The importance of hair in the identity of Black people

Lashley, M. (2021, avril)

Nouvelles pratiques sociales

31(2) | 206–227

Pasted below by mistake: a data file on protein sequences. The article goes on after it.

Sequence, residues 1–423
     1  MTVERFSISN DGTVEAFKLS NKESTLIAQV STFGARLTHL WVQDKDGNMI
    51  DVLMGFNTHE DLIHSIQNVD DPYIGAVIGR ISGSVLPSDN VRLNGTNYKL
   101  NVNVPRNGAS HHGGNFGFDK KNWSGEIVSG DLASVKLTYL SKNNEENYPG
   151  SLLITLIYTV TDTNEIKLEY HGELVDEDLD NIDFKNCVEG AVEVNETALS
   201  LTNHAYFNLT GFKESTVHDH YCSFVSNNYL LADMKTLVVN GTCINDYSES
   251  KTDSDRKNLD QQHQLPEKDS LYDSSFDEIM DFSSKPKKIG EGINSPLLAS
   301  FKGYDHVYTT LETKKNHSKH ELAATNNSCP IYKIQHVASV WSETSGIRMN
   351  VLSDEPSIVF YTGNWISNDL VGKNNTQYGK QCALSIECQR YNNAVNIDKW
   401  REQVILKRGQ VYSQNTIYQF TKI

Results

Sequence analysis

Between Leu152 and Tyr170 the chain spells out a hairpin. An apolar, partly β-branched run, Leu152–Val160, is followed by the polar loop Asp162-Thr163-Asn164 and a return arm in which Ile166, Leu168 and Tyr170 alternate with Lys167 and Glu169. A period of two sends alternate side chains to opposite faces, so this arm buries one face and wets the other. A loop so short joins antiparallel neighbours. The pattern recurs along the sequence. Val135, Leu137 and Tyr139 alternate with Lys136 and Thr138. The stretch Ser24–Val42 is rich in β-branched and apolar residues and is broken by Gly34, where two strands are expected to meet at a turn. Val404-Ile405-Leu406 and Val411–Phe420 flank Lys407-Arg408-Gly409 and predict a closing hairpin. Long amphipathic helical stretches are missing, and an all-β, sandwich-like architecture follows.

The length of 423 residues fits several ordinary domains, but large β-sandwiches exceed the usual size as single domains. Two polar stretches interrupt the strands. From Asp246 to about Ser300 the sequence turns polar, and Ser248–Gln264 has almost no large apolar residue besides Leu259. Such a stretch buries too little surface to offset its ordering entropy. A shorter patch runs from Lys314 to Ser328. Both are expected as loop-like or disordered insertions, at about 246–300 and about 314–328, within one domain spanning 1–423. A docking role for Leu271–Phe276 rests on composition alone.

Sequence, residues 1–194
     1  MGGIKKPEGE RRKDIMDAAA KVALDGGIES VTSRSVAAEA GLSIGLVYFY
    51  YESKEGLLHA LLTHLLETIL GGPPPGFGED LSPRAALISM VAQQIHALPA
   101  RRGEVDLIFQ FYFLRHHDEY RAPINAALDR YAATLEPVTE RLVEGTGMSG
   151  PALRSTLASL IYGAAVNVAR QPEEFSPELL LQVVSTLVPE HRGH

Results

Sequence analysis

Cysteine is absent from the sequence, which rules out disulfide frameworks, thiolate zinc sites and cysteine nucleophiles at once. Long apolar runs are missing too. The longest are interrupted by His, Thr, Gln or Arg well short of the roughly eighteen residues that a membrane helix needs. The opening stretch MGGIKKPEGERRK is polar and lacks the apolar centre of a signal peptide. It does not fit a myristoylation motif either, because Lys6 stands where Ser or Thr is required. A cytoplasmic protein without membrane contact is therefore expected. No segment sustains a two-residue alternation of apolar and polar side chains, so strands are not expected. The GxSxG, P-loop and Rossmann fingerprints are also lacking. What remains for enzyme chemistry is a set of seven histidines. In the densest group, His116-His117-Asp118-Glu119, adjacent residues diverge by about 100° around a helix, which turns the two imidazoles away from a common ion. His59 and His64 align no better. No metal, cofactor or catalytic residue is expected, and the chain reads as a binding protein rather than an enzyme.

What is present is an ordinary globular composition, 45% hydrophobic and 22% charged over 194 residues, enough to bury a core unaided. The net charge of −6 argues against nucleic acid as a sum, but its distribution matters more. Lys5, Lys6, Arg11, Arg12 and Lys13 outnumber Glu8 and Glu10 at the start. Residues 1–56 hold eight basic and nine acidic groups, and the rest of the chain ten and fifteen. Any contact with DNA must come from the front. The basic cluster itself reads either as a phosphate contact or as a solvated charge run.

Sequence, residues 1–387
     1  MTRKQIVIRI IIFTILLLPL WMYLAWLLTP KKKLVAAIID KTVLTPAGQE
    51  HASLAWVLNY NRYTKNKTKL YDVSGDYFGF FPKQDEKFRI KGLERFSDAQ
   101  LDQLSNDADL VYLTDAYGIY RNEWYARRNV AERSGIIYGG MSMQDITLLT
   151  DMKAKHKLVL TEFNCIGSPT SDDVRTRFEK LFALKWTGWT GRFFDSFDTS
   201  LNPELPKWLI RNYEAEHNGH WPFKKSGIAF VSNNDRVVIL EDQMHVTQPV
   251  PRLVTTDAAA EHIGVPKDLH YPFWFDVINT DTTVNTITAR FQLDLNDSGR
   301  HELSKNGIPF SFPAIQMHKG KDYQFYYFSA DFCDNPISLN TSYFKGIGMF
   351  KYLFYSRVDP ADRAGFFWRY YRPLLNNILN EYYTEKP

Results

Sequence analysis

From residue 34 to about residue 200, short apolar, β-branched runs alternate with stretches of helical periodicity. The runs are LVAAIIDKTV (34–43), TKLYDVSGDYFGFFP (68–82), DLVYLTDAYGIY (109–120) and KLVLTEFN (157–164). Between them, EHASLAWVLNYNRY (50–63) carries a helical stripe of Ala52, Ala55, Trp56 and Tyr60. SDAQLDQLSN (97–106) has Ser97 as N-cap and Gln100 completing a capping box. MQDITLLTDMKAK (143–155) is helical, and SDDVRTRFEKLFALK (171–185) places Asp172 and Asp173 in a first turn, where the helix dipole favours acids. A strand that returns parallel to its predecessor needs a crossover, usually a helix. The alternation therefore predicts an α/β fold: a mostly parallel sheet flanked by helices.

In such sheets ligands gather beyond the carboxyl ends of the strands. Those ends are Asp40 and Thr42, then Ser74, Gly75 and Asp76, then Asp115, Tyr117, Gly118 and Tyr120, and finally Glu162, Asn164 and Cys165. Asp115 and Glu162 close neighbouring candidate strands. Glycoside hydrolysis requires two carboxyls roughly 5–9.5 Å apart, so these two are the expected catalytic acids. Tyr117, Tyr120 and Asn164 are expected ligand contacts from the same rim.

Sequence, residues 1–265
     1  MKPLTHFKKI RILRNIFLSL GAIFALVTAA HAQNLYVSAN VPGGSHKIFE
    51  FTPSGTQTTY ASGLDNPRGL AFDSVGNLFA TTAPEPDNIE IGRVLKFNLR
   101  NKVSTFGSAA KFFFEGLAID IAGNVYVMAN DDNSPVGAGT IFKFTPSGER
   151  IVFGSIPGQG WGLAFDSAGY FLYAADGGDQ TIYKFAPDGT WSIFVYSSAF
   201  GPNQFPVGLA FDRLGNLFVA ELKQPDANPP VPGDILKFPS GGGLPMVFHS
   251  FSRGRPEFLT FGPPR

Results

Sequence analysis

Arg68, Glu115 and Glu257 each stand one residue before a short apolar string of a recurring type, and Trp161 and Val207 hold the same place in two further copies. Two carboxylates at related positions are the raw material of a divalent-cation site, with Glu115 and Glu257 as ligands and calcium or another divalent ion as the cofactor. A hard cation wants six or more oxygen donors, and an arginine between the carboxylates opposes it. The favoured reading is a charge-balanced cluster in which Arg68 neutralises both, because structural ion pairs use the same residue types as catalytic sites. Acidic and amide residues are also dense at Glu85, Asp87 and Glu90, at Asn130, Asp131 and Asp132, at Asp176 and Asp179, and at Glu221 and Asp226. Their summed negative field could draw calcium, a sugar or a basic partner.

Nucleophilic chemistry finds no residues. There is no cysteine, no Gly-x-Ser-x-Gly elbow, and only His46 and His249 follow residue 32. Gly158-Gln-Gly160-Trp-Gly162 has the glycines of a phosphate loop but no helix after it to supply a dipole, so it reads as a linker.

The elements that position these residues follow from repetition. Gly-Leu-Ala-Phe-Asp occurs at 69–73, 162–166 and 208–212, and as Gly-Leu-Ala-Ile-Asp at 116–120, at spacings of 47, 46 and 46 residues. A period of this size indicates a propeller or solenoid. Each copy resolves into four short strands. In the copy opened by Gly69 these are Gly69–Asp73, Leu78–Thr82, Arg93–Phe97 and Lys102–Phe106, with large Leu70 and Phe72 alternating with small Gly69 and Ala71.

Hairstyles have always been important to Black Africans and their descendants and are important in expressing identity. The transatlantic slave trade made it difficult to maintain these hairstyles, mostly due to separation from familial and other ties. Since Black phenotypes were viewed as inferior, Black hair and styles were seen as ugly and unacceptable. The American Civil Rights Movement (ACRM) ushered in a resurgence in ‘natural’ hairstyles, supporting a collective identity and a counterhegemonic movement. However, the success of this movement did not propel Black hairstyles on to the same plane as those that maintained the imperial aesthetic of the white ideal. The constant diminution of the Black identity through the disparagement of Black hairstyles has been used as a synonym for racism and can lead to psychological distress and mental instability. Although Black people have resided in Canada and Quebec since the 17th century, there is very little in Canadian academic literature addressing these issues. This theoretical paper presents a discourse on the importance of hair to the identity of Black people and will add to the limited literature by providing Canadian and Québécois institutions with a greater appreciation of the prominence of Black hair and hairstyles to the identity and well-being of Black people.